You think nuclear annihilation is bad, wait to you see what else we’ve cooked up! (bada-bing.) That at was six years ago, and back then Klein said we had about a decade to act decisively enough. As wake-up calls go—like all the rest of we keep getting in the news—this one didn’t seem to change voracious global consumption habits one bit. Too many people wanting A/C and iPhones and big farty cars.
How is it that we—me, I mean—remain so fixed in my fossil fueled comfort zone? Am I deranged, asleep at the wheel, or that drunk on memememememememe?
Well, yes. It is exceedingly difficult to see that my cultured upbrining is horribly out of sync with the world as it is now revealing itself. That my what-me-worry? dailiness compounded by 8 billion other Alfred E. Neumanns is pissing of the Earth and how.
I was raised a suburban kid in the 60s, awash in Mayberry RFD and The Beatles, privileged by white male birthright and given all the permission in the world to seek my own pleasure and indulgence. From the time my lips were torn from my mother’s breast, the American Dream was the opioidal alternative I was told give suck to. 60 years later I found out that it was a manufacturer’s dream, a Capitalist roadhouse in which fossil fuel was the hootch and a sprawling suburbia of techno-comforts the prize lady slithering round the stripper pole.
And while I whiled away my privilege squandering everything in sight, beyond self-same walls I refused to look past was a world getting sick very, very fast.
Behind that silicone mask, what an ugly, ugly reality. And how difficult breaking free—like losing one’s life, place, hopes and delusions.
I look that square in the face—and task my work with it—or remain deluded with the sinking part of my humanity.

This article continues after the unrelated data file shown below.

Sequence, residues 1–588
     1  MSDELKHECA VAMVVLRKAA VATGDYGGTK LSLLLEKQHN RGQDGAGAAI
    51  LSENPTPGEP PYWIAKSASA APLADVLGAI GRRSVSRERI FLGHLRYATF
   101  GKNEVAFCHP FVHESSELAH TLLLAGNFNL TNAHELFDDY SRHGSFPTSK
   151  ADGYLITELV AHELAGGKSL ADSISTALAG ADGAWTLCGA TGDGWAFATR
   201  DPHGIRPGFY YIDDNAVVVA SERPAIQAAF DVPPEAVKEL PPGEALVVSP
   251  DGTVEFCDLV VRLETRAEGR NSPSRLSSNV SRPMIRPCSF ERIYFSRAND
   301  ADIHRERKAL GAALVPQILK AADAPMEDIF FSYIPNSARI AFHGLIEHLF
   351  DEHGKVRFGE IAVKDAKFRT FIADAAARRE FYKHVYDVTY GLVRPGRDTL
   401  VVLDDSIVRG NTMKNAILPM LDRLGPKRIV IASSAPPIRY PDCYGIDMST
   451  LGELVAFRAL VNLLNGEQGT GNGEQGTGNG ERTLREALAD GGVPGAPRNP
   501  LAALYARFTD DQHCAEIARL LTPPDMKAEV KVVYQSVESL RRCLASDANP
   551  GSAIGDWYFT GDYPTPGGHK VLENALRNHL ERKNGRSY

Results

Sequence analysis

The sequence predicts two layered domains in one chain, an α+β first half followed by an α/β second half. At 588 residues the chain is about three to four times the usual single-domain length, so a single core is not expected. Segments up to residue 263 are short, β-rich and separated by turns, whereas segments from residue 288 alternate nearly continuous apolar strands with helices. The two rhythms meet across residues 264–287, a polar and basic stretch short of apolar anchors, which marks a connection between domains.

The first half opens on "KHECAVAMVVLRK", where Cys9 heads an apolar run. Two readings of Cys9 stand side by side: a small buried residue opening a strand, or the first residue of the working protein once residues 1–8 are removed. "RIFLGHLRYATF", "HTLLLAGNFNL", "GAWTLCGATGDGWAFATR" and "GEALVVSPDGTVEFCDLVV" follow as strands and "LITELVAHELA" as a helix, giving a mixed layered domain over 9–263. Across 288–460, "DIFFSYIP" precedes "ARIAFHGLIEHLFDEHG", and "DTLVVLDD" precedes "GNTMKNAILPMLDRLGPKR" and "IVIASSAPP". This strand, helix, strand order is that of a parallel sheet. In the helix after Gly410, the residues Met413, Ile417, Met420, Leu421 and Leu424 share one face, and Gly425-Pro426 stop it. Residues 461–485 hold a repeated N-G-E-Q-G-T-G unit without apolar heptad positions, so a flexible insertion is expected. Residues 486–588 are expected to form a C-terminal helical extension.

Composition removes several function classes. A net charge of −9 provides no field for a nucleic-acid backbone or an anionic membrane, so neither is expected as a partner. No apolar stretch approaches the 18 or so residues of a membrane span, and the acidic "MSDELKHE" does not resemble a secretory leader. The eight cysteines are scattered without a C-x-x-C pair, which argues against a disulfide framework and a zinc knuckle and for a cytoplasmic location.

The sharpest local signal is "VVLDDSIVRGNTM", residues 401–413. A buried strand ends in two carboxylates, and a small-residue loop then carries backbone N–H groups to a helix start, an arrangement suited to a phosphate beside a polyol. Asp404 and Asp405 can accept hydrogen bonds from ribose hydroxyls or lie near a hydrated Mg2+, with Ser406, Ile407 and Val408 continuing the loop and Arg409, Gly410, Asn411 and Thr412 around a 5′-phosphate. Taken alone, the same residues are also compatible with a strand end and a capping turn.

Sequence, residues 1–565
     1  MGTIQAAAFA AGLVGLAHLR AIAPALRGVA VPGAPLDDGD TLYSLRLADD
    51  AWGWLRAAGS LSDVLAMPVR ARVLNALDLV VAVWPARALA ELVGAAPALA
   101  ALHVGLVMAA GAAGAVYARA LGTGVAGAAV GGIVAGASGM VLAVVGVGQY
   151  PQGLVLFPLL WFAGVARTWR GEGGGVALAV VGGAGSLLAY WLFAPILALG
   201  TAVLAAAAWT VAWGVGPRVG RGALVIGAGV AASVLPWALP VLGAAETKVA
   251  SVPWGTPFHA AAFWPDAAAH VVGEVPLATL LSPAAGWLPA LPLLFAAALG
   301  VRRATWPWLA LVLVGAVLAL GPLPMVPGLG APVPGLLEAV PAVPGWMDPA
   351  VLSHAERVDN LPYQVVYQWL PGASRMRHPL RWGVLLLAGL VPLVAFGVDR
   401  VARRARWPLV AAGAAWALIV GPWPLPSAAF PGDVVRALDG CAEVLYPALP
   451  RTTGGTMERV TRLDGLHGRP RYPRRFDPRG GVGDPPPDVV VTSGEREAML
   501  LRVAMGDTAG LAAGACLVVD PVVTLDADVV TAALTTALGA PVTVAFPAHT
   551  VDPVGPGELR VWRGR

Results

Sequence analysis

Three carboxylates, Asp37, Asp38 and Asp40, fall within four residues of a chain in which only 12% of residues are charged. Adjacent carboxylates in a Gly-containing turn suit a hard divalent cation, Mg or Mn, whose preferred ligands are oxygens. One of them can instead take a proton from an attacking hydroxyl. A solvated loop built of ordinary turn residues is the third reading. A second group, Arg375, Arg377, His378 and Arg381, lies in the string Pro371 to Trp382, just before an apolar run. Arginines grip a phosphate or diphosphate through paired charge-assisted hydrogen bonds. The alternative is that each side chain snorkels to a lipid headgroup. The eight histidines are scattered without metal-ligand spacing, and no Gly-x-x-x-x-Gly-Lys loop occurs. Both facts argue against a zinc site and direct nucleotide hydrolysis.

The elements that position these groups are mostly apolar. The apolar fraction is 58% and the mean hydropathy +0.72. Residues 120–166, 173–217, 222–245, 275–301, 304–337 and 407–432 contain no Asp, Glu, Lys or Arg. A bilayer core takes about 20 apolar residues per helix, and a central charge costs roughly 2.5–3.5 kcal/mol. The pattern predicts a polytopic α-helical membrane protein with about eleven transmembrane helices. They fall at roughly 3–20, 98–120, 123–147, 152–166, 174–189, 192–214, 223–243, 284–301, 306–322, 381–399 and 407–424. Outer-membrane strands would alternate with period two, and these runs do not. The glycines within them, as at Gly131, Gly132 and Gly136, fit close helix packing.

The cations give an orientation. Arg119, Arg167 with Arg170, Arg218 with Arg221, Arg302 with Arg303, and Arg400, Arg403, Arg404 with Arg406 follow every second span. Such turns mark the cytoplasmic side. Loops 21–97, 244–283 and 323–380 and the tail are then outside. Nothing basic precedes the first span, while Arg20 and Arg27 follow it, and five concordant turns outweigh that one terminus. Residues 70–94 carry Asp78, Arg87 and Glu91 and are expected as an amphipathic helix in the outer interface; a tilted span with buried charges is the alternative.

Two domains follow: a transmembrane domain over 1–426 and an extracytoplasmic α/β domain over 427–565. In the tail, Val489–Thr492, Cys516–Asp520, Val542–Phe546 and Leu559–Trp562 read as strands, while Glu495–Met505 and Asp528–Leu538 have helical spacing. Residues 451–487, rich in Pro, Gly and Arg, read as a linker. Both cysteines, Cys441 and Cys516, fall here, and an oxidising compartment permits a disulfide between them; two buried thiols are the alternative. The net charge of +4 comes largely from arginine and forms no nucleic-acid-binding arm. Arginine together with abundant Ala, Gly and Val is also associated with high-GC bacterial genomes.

Amitav Ghosh again, in his book-length essay The Great Derangement:
… We have entered a time when the wild has become the norm: if certain literary forms are unable to negotiate these torrents, then they will have failed—and their failures will have to be counted as an aspect of the broader imaginative and cultural failure.
Business as usual says bury one’s head and have a drinkadoodledoo. If there’s any waking, someone’s got to start by lifting their head, looking about and connoitering not only the changed landscape but find a healing response to it. And short of that, at least describe the shiftiness of a today that ain’t in Kansas anymore.
Some of the work feels precipitous, between falling into the same old wah wah despair or embracing lah-lah velds of Disneyesque fancy. Honey, this ain’t no rock ‘n’ roll show: This is adult work. Despair we can fill by the bucket, but hope comes in drips and drabs. What seems evident in the work we’ve done here so far is that every challenge of changing earth demands a capacity for both, and that’s something we need each other for. Our combined imagination is the good work we can achieve, a collective of global voices tuning in to the same growing bandwidth.
‘Nuff said. If you thought climate change was bad, wait till you see what your upcoming season has in store for us!